Paragon is also looking to target that base to improve its funding mix. Management has hired "Client Development Officers" to grow its deposit-gathering activities, with an increasing focus on business from non-profits.
The bank's core deposit make-up is around 75%, which isn't bad. Management has been making a concerted effort to reduce its reliance on brokered deposits, and those declined below 10% (to 8%) in the third quarter. The company's deposit costs are still higher than I'd like, though, particularly given that the bank's loan yields (averaging 4.4% in the third quarter) aren't meaningfully better than its peer group.
Unlike most other banks, Paragon doesn't seem to have any particular interest in M&A at this point. Instead, the bank is looking to grow by leveraging the above-average growth in its core markets (Raleigh and Charlotte) into strong double-digit lending growth. The loan/deposit ratio is high (97% in the third quarter), but management intends to fund its lending growth through better deposit-gathering (ideally) or borrowing as needed.
One possible limiting factor is regulatory capital limits. The bank's CRE balances already make up 322% of bank-level total capital and that's a level that I believe will restrict the bank's options. Management has already said it is targeting more C&I lending (C&I loans were up 19% in the third quarter versus 17% overall growth), and the bank also has the option to sell CRE loans to manage its exposure if need be.
Credit should not be a limiting issue. Paragon was smacked by having way too much exposure to construction lending when the bubble burst (over 300% of risk-based capital in 2009), but credit is clean today. Credit quality isn't likely to get much better, though, and Paragon would be at risk if the economic conditions in Raleigh-Durham and/or Charlotte deteriorated meaningfully.
I do believe that Paragon will succeed in gathering more lower-cost deposits, as I think Paragon is well-placed to provide high levels of service to commercial (and non-profit) clients who may be alienated by the cost-cutting measures of larger regional/national banks.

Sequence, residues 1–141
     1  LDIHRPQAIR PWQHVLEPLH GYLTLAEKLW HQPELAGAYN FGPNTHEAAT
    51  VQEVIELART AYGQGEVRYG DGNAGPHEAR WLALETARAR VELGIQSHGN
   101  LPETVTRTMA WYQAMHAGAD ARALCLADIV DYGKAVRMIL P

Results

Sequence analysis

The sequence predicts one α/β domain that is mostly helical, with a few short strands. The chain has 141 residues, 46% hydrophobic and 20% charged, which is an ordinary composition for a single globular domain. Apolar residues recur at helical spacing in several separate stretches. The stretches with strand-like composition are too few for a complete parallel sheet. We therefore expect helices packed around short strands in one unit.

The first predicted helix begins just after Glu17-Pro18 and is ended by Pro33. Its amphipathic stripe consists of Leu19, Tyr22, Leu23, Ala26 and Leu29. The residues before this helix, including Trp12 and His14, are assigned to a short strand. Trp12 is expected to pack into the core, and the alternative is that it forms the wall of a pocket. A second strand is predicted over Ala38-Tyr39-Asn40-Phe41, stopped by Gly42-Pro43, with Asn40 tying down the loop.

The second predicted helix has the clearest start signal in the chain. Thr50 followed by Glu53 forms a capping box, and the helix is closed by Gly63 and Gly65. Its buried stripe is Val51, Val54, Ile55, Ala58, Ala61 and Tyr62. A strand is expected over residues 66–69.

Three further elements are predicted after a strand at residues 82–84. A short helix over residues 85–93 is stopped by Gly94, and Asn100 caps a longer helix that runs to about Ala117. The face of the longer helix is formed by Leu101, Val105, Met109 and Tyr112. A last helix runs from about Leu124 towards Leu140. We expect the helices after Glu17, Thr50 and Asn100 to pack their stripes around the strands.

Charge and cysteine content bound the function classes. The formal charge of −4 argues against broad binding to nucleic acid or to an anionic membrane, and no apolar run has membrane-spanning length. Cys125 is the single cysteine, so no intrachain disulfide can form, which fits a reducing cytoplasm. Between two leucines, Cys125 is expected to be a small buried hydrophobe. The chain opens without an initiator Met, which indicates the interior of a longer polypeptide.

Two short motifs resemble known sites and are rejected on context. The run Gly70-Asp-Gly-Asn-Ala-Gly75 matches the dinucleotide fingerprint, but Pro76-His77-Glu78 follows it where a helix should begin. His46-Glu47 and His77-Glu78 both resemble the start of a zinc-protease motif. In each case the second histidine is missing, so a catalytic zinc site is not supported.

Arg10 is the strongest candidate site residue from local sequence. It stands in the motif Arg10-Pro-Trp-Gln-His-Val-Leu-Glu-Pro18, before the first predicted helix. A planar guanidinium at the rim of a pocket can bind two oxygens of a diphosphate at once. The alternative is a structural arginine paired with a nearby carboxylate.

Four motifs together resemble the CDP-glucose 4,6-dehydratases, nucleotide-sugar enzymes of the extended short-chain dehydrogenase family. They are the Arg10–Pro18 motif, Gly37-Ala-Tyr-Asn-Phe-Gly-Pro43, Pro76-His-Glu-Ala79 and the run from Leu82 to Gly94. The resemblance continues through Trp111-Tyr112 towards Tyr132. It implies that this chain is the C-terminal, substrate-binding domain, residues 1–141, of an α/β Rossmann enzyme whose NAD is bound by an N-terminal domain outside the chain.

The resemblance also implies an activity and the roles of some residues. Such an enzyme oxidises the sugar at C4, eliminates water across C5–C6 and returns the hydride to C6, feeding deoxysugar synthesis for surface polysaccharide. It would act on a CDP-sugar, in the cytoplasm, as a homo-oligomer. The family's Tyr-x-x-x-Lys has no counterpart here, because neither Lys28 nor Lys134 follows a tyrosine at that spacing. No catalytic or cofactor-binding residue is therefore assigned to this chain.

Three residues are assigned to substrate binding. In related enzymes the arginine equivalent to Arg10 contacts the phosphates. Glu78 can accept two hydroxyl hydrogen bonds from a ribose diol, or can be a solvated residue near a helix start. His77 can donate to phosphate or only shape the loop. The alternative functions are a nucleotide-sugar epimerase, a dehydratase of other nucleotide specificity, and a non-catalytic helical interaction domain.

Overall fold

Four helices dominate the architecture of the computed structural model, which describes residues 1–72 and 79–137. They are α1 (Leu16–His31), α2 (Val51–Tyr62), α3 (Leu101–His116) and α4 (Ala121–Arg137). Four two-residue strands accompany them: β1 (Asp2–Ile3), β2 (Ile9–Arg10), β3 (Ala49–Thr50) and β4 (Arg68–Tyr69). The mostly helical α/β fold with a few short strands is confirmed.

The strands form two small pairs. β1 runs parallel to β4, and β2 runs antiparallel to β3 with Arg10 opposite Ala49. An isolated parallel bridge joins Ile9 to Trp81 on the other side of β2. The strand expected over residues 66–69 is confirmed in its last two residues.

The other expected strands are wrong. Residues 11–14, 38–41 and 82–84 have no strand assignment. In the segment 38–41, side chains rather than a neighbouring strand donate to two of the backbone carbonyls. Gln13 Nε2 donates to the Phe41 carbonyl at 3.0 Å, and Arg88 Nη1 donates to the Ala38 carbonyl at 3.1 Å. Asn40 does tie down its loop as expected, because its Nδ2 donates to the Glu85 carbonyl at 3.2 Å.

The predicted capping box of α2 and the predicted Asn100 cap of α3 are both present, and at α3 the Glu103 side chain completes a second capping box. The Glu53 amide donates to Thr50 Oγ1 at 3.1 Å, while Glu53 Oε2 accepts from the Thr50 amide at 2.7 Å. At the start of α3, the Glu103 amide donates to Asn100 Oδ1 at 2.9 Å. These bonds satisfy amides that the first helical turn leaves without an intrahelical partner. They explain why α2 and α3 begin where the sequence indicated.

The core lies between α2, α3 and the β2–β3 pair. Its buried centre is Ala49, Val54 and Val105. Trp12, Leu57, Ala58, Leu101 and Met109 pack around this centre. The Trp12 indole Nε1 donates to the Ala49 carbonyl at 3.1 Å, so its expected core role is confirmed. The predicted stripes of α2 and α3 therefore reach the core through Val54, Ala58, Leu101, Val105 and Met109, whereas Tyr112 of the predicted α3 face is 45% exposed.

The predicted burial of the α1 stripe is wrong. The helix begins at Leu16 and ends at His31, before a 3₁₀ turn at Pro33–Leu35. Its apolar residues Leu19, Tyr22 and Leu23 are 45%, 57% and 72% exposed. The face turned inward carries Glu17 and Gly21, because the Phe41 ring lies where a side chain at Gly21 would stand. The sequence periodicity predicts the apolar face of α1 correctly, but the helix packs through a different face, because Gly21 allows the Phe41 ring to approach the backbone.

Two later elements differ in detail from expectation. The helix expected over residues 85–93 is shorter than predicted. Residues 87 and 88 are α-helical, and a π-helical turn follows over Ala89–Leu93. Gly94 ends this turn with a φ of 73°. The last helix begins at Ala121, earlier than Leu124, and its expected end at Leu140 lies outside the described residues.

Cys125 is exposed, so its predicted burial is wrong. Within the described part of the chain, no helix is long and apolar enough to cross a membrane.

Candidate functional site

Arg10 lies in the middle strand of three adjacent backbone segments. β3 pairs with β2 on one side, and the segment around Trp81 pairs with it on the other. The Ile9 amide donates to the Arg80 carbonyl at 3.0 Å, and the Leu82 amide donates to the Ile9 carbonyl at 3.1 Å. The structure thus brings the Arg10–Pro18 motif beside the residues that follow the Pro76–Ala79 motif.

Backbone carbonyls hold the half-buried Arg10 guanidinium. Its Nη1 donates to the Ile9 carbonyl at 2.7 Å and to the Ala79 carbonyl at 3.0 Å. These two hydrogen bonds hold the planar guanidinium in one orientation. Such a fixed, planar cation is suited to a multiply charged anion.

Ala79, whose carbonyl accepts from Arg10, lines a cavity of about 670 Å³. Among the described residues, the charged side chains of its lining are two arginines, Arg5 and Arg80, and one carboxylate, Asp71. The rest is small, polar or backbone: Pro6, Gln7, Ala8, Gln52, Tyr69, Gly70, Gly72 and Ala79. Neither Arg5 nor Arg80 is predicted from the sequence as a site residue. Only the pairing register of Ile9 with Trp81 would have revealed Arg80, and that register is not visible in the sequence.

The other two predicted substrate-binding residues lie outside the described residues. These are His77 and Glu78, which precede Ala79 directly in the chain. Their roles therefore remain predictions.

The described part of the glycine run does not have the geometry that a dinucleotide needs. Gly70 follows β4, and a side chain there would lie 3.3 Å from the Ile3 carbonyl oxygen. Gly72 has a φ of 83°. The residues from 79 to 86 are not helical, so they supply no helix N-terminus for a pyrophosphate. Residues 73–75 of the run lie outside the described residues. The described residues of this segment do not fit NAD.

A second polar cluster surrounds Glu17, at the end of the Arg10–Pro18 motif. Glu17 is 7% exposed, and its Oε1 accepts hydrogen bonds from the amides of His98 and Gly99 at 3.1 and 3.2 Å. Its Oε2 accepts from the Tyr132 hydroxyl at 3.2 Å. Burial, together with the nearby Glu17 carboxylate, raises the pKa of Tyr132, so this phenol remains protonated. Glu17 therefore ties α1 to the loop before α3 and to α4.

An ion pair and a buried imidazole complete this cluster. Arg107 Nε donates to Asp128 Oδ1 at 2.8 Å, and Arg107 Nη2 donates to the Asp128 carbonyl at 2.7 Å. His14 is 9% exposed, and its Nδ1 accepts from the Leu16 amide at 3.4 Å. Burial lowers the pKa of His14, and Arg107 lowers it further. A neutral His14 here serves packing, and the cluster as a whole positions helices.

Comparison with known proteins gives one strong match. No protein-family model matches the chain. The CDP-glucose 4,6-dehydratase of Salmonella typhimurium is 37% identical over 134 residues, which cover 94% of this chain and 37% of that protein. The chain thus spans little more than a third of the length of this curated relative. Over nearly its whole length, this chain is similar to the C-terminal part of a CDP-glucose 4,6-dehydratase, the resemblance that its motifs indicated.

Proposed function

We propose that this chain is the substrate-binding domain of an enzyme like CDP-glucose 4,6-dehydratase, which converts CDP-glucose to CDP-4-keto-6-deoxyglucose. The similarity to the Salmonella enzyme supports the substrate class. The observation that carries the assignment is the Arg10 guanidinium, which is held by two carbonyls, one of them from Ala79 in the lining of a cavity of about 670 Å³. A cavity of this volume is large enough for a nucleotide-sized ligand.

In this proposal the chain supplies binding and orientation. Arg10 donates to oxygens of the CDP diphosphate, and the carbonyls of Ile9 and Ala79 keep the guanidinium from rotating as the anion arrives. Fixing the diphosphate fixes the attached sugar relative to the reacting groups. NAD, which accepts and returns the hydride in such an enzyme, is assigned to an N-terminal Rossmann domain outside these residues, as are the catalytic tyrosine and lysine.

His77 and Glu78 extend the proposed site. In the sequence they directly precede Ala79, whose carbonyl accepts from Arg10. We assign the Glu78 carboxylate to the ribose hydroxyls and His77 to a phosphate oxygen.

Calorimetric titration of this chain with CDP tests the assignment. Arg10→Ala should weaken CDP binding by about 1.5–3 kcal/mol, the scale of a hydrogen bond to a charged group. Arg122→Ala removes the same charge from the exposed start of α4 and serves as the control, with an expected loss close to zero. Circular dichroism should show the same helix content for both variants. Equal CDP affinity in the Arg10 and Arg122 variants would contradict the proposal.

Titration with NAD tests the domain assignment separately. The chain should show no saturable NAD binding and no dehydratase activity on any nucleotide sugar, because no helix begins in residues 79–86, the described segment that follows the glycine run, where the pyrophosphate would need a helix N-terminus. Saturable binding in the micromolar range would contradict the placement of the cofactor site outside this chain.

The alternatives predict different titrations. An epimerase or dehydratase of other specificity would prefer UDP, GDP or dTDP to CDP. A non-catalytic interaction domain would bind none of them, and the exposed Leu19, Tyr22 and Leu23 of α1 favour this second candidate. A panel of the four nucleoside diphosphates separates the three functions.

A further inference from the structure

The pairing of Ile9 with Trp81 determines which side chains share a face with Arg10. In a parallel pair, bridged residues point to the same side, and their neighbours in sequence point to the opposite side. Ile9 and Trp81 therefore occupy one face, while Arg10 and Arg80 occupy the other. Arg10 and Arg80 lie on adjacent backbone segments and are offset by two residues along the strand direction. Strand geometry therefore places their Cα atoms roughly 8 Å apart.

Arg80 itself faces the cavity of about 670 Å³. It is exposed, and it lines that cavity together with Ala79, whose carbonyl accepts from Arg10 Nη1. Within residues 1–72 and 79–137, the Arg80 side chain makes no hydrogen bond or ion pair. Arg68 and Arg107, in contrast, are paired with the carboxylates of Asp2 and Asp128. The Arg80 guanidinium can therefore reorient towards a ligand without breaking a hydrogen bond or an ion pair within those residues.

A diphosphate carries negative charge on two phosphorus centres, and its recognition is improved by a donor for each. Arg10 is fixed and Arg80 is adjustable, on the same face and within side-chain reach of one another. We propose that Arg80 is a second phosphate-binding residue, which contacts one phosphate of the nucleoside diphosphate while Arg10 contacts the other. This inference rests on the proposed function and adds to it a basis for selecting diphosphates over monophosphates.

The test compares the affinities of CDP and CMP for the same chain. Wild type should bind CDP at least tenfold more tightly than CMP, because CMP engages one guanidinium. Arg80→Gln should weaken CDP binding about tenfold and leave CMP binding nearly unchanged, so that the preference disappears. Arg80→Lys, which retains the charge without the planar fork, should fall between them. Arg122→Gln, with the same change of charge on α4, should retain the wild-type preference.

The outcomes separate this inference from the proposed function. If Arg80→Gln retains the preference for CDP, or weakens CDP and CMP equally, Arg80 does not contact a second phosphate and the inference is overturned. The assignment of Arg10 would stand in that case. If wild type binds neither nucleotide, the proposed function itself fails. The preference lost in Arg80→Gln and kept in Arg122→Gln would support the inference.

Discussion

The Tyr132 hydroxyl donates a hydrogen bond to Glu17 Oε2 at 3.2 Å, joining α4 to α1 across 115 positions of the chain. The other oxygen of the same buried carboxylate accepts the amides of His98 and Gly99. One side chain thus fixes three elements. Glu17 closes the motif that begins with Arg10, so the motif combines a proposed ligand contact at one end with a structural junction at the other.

I also believe that the economies in Paragon's core markets will remain healthy and support ongoing growth in C&I and CRE lending. That, in turn, can fuel what I expect to be mid- to high-teens earnings growth over the long term. Discounted back, I get a fair value in the low $40s and a little bit above today's price. I'd also note that I get a similar fair value on the basis of the bank's near-term return on tangible equity.
Longer term, I wouldn't be surprised if Paragon got bought. Management is not young (the CEO is 65 and the Chairman is 69) and insiders own about a quarter of the shares. I could see Paragon appealing to other banks, especially mid-sized banks, that have a lot of under-utilized deposits (lower loan/deposit ratios) and a desire to get into attractive North Carolina markets. I'd also note that BancTenn, parent company of Bank of Tennessee (a small Tennessee bank with under $1 billion in assets) owns about 15% of Paragon.
The Bottom Line
As I said earlier, any U.S. bank that looks undervalued today makes me suspicious. In the case of Paragon, it's certainly possible that I'm overestimating the bank's ability to drive double-digit loan growth in North Carolina and/or attractive deposits from businesses and non-profits disgruntled with larger banks. On the other hand, it's also possible that this is just a bank that not many investors know about yet - the market cap is small the stock is illiquid.
Still, while it is much too early to talk about this as a future Bank of the Ozarks, I think that a very successful bank does show that a highly-focused commercial-oriented banking model can succeed and I believe Paragon is worth watching as it looks to grow its North Carolina commercial business.
Disclosure: I/we have no positions in any stocks mentioned, and no plans to initiate any positions within the next 72 hours. I wrote this article myself, and it expresses my own opinions. I am not receiving compensation for it (other than from Seeking Alpha). I have no business relationship with any company whose stock is mentioned in this article.